Active ingredients: cyclophosphamide
What it is used for
INDICATIONS AS AT 18 DECEMBER 2002 : The proper use of cyclophosphamide requires accurate diagnosis, careful assessment of the anatomic extent of the disease, knowledge of the type and effects of any previous therapy and continued evaluation of the patient's general and haematological status. It is essential that adequate clinical and laboratory facilities be available for proper monitoring of patients during treatment with cyclophosphamide. The clinical course of the disease should be recorded in objective terms before treatment is begun and thereafter at regular intervals. Careful management of patients receiving cyclophosphamide will help achieve maximum benefit with minimum risk. Antineoplastic Properties: Patients with neoplasms that might preferably be treated by surgical and/or irradiation procedures should ordinarily not be treated by chemotherapy alone. The following classification is a guide to the various neoplastic conditions in which benefit may be derived from chemotherapy with cyclophosphamide. (a) Frequently responsive myeloproliferative and lymphoproliferative disorders: malignant lymphomas (stages III and IV, Peter's Staging System*); multiple myeloma; leukaemias; mycosis fungoides (advanced disease). * Modified as the International Staging Classification for Hodgkin's Disease in "Report of the Committee on the Staging of Hodgkin's Disease." Cancer Res. 26, 1310, 1966. Stage I. Disease limited to one anatomic region (Stage I) or two contiguous anatomic regions (Stage I) on the same side of the diaphragm. Stage II. Disease in more than two anatomic regions or in two contiguous regions on the same side of the diaphragm. Stage III. Disease on both sides of the diaphragm, but not extending beyond the involvement of the lymph nodes, spleen and/or tonsils. Stage IV. Involvement of the bone marrow, lung parenchyma, pleura, liver, bone, skin, kidneys, gastrointestinal tract, or any tissue or organ in addition to lymph nodes, spleen or tonsils. All stages are sub classified as A or B to indicate the absence or presence respectively of systemic symptoms. (b) Frequently responsive solid malignancies: neuroblastoma (patients with disseminated disease); adenocarcinoma of the ovary; retinoblastoma. (c) Infrequently responsive malignancies: carcinoma of the breast; malignant neoplasm of the lung. Immunosuppressive Properties: Cyclophosphamide has been used in the treatment of autoimmune diseases and immunopathies of unspecified type (i.e. Wegener's granulomatosis) when these diseases have been resistant to the conventional first and second line treatment and for the prevention of transplant rejection. Cyclophosphamide can be recommended for use in the treatment of non-malignancies only when in the opinion of the physician the benefits to the patient outweigh the risk of treatment with cyclophosphamide.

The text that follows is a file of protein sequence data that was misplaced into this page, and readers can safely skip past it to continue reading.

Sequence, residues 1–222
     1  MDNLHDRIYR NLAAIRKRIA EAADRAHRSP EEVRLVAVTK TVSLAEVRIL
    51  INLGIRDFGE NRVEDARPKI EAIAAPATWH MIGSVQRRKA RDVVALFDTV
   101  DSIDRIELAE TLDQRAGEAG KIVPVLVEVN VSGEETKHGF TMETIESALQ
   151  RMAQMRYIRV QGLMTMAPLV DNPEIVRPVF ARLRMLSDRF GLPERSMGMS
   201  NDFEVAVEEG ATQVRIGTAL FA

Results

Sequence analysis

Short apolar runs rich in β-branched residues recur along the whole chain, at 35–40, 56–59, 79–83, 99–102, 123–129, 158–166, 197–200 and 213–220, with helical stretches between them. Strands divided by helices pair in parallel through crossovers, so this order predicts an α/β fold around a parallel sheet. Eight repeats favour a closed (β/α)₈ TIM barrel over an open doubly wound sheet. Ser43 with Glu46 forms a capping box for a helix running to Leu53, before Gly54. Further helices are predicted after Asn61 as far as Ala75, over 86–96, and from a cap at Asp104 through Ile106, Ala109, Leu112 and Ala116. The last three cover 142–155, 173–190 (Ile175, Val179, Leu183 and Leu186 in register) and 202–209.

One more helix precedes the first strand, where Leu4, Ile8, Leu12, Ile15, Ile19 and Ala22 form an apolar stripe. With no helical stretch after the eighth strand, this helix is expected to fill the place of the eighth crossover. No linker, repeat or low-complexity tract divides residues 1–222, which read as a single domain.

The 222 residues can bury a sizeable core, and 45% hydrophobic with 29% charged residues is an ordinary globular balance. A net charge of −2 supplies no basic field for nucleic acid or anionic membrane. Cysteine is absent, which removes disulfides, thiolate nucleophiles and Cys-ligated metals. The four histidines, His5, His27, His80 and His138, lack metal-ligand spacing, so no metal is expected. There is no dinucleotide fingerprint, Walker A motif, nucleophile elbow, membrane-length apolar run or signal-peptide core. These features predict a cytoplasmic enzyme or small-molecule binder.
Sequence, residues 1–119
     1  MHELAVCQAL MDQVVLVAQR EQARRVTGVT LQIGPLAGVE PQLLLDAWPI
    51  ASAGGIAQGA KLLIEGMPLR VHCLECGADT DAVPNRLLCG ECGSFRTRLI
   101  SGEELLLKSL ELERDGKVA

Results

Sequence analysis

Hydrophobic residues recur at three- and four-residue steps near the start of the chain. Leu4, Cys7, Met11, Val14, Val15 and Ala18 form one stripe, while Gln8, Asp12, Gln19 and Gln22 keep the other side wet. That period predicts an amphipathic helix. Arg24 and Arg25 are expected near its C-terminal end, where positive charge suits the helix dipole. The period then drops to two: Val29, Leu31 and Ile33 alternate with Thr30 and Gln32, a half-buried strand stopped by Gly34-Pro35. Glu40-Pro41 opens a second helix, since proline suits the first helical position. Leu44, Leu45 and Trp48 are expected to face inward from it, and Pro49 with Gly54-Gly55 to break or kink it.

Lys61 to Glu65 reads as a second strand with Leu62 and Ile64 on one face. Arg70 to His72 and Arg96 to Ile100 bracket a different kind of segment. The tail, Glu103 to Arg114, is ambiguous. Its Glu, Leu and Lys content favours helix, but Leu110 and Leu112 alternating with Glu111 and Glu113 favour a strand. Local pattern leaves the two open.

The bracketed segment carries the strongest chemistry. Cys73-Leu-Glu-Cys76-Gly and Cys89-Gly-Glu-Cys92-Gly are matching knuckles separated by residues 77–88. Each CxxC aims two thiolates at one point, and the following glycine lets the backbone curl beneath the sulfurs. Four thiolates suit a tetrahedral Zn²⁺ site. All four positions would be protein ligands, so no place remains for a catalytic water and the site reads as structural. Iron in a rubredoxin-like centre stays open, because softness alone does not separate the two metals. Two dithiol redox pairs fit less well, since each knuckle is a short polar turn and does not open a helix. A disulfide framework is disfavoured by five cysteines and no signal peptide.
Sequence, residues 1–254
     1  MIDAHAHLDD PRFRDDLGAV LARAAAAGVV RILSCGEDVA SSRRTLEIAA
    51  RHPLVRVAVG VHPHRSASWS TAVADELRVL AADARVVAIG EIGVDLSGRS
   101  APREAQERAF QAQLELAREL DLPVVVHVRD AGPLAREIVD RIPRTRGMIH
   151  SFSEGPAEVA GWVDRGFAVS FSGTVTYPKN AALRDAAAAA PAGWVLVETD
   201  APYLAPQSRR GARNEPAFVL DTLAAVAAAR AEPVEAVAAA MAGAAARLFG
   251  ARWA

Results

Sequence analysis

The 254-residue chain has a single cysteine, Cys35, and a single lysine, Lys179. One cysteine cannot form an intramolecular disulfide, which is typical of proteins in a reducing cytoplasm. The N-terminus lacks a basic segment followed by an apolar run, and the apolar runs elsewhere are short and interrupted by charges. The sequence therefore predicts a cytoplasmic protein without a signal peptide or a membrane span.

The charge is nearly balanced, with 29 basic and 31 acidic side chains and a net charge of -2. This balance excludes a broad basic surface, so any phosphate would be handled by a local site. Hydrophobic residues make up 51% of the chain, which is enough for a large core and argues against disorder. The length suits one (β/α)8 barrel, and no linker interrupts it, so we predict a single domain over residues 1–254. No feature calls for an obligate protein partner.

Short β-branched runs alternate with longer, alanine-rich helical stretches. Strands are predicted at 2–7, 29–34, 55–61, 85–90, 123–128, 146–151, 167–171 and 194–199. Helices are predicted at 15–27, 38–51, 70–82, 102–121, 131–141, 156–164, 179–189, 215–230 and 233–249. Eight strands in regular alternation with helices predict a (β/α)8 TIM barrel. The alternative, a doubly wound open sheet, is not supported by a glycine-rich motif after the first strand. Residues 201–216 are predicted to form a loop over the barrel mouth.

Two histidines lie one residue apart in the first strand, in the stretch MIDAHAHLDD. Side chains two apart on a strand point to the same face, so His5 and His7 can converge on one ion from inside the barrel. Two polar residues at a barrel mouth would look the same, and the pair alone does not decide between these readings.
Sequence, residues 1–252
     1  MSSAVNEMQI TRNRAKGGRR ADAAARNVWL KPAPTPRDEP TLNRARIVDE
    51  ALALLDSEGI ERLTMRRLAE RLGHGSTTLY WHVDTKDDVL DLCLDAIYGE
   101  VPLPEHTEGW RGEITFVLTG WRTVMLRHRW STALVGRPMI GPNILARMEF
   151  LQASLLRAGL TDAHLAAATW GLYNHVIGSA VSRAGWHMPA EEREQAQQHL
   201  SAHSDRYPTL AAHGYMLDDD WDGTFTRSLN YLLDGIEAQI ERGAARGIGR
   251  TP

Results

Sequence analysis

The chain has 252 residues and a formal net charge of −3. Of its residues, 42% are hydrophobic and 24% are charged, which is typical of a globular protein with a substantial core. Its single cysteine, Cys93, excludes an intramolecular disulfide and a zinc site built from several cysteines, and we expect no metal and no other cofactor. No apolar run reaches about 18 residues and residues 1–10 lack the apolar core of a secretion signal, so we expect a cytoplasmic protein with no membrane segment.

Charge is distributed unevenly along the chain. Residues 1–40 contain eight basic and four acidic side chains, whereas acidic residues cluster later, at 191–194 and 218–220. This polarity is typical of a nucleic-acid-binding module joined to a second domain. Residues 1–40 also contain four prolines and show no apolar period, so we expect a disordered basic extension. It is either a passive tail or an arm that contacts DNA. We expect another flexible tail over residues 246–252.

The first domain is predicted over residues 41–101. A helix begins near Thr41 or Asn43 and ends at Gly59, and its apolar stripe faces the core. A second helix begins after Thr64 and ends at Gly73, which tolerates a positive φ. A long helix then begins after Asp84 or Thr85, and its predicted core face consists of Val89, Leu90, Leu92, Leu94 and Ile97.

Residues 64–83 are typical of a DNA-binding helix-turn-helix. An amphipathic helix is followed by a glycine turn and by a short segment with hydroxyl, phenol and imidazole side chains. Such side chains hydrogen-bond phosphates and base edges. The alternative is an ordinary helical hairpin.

How to take it
The way to take this medicine is: Oral. This medicine is taken by mouth.
- Store below 25 degrees Celsius
- Protect from Light
- Shelf lifetime is 18 Months.
You should seek medical advice in relation to medicines and use only as directed by a healthcare professional.
Always read the label. If symptoms persist see your healthcare professional.
A brown round biconvex sugar coated tablet.
For the active ingredient cyclophosphamide
- Drink liberally- 2 to 3 liters/day.
- Take with food to reduce irritation.
Do I need a prescription?
This medicine is available from a pharmacist and requires a prescription. It is
Is this medicine subsidised?
This medicine was verified as being available on the PBS (Pharmaceutical Benefits Scheme) on March 1, 2019. To learn more about this subsidy, visit the Pharmaceutical Benefits Scheme (PBS) website.
Pregnant or planning a pregnancy?
For the active ingredient cyclophosphamide
You should seek advice from your doctor or pharmacist about taking this medicine. They can help you balance the risks and the benefits of this medicine during pregnancy.
For side effects, taking other medicines and more
Download consumer medicine information leaflet (pdf) from the Therapeutic Goods Administration (TGA) website
Reporting side effects
You can help ensure medicines are safe by reporting the side effects you experience.
You can report side effects to your doctor, or directly at www.tga.gov.au/reporting-problems